“Home” is both a physical and non-physical entity. Traditionally, “home” is regarded as a house. Up until today, it harbours the ideas of belonging, security and acceptance.
In a world where many people are on the move and reside in several places, “home” at times no longer simply comprises a physical place or country for some individuals. According to French anthropologist Marc Augé, a person is at “home” when he/she is at ease “in the rhetoric of the people with whom he shares life”.
More simply, home constitutes a moment – a moment where we are at physically, interacting with our surroundings and/or with the people around us – where we can feel comfortable and be ourselves.
This phrase arises from the idea of melting different metals in a pot in order to form new compounds that are much stronger and useful.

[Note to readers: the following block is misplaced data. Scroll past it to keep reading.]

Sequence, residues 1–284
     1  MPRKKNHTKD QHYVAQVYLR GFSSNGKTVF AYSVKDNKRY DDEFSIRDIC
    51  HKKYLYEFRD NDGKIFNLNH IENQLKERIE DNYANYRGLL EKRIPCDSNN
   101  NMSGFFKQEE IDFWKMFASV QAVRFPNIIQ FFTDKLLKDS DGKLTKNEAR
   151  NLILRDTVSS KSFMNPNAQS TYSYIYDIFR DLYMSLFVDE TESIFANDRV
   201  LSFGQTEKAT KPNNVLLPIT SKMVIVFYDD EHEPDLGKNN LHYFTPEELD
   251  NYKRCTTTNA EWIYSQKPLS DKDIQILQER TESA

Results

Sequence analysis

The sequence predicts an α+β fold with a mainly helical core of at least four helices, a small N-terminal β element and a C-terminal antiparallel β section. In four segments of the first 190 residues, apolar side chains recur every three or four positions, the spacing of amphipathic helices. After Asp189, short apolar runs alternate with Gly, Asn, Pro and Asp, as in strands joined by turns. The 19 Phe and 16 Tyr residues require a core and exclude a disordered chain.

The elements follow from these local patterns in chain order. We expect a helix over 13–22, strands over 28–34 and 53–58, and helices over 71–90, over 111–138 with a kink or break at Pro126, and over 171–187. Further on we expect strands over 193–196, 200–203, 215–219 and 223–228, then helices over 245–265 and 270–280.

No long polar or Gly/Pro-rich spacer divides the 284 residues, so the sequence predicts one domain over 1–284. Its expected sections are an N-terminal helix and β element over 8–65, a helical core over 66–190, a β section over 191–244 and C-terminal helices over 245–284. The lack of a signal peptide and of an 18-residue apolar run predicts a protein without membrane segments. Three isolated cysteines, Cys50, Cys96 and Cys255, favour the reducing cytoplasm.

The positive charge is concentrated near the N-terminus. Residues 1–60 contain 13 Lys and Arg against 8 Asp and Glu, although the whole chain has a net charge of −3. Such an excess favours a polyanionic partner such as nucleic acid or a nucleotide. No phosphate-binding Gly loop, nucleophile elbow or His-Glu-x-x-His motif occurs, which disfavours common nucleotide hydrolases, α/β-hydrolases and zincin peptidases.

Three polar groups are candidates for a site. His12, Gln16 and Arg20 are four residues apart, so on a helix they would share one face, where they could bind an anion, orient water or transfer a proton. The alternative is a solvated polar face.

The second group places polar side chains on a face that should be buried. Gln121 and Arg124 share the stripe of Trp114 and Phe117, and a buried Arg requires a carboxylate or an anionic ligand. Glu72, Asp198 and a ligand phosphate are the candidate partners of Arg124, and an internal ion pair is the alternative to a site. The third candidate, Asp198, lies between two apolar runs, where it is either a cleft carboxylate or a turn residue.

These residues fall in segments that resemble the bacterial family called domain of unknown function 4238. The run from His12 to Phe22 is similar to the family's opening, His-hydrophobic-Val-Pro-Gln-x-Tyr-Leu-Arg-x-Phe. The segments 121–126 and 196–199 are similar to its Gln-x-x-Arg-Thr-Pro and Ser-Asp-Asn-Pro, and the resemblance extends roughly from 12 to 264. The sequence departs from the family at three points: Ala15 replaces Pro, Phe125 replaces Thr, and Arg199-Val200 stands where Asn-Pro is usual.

“Melting pot” is constantly used in the context of migrants. Referring to a community as a “melting pot” implies the mixing of locals and migrants where the latter assimilates to the former’s cultures/livelihoods. It can also imply that these two groups blend together, forming and adhering to a new culture.
Ethnic Stew / Salad Bowl
Like “melting pot”, both these phrases are frequently used in regards to migrants or people of ethnic background.
As educational sociologist Laura Laubeová explains, the phrases refer to the notion that different groups in society “keep their differences, while maintaining relations among each other”.
Both phrases fundamentally are used to describe a pro-multicultural space or situation where cultural differences are valued and maintained.